The trees, those magnificent trees! The year was 1954; I was only 4 years old but I distinctly recall the impact of seeing and smelling those giant conifers for the first time when we arrived from southern California. Mom and dad found a wooded lot for sale in the heart of Normandy Park and the excitement of going there each day while the house was being built was overwhelming. My brothers and I would run through the brush and under the trees in our Davy Crockett coon skin caps and Hop-A-Long Cassidy sweatshirts.
It didn’t take long after we moved in to find other neighborhood children to play with. After all, this was post World War II, the baby boom generation was in full swing. My brothers and I had friends within a short walk of our house and we played hard. In fact, we played into the evening and had to be called home with a whistle. Summertime activities included playing “Capture the Flag” and a game we must have made up that we called “Wax and Waves”. I think the Waves were the girls and so it was girls against boys in a war-like kind of way. We used bracken ferns for spears and spent most of the time running through the woods. One girl received a bracken fern spear to her leg and I remember my dad carrying her home to her parents. He was my hero (although he was a pilot of the B-24 Liberator during WW II, he rarely talked about it). Other outdoor activities included playing in a large swamp and collecting fairy shrimp and tadpoles. This swamp was located near the intersection of 200th and Marine View Drive. On summer days, we rounded up the neighbor kids and played baseball in Nestegard’s field of tall grass which was inhabited by a large bull. An even more daring activity was tree climbing. The woods are still standing (between 202nd and 208th) where we would climb as high as we could in the tall fir trees. My brother, Greg, and his friend, Dick Benedict, built platforms in the trees complete with little wooden shelves and books. Until recently, I could still look up and see those platforms. Dick’s sister, Diane and I would sometimes play and pretend we were pioneers. Our Red Flyer wagon was our covered wagon and our dolls the pioneers. We would bury “treasure”, too. One year, dad built wooden stilts, a pair for each of us. We walked all over the neighborhood in them and were the envy of the other kids. A few years later, my aunt Betty sent me a pair of “Rocket Shoes”, big metal shoes that fitted over regular shoes with springs on them so you could bounce, instead of walk. I don’t know of anybody else who had a pair, but I later saw them in the movie “Back to the Future”.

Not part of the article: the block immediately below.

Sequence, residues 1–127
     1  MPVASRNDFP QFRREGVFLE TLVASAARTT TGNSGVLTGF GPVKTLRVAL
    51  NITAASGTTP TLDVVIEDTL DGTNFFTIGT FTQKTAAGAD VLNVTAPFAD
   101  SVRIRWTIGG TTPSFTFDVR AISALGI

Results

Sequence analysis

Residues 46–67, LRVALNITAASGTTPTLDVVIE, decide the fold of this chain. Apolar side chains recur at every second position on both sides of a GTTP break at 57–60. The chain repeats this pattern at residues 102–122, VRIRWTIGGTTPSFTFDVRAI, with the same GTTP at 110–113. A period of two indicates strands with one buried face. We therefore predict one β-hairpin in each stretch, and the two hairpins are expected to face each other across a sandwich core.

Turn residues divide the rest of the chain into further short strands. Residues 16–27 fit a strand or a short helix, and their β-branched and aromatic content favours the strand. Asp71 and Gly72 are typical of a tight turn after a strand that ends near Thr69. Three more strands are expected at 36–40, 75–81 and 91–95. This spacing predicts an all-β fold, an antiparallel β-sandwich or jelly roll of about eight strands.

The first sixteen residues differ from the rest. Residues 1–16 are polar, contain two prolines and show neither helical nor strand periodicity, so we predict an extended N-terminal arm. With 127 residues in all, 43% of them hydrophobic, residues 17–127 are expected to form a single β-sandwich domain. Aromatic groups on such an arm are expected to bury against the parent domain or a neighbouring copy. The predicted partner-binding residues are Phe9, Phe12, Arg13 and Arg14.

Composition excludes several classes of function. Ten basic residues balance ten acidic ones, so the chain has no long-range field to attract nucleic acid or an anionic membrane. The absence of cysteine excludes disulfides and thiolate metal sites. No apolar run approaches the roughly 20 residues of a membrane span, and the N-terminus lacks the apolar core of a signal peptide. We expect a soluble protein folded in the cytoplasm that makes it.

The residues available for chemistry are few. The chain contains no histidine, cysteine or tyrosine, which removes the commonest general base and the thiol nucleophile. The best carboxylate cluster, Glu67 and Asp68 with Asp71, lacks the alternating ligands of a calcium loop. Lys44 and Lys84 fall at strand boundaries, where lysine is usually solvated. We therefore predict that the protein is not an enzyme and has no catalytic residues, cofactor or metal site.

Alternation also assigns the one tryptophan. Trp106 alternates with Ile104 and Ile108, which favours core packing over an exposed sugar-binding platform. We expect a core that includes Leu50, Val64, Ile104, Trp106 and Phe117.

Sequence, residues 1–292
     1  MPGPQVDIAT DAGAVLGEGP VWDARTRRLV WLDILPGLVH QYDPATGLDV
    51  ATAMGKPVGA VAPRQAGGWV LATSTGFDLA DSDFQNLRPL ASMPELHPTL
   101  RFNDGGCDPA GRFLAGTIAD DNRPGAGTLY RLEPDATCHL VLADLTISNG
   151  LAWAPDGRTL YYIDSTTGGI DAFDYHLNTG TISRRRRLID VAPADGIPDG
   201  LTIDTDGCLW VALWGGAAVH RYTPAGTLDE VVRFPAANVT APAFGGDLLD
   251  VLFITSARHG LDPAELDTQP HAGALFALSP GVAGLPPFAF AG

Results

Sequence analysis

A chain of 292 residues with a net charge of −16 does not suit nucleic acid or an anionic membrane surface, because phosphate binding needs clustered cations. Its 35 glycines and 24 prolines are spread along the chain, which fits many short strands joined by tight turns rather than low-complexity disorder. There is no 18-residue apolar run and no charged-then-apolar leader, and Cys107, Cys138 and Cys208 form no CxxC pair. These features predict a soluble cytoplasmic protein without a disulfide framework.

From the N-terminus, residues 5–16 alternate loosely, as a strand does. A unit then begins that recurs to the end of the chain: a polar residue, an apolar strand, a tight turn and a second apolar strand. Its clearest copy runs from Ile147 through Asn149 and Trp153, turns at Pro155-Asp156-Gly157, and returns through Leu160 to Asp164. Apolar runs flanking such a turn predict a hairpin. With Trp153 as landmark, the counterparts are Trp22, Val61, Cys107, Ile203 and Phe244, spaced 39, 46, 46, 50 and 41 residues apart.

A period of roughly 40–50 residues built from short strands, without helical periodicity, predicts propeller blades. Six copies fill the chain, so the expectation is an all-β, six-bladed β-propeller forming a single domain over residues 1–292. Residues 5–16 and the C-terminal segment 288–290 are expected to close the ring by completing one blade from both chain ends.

As we grew older, we wandered and played further from home within Normandy Park. During those years, the “horse farm” (now Normandy Province) became my second home. This expanse of pastures was the exclusive domain and a hub of activity for girls from age ten through sixteen. Between the pastures was “the lane” that connected to a large corral and on the opposite end was a gate that led to a barn. In the rafters of the barn was the remains of an airplane that apparently had crashed at that site in the 1940s. I also recall in those rafters a small collection of Barb Sleeper’s pet rats and mice. Although I didn’t have a horse during those years, I will never forget the first time Pam Johnson (Silvermoon) lifted me onto the back of her horse. To this day, I can still recall the names of all the horses owned by each girl. What I do not recall is ever seeing a parent or any adult on the farm. This is what I mean by exclusive domain. The girls were entirely responsible for the maintenance and upkeep of their charges. What haunts me still is the condition of the water trough at the top of the lane—it was filthy!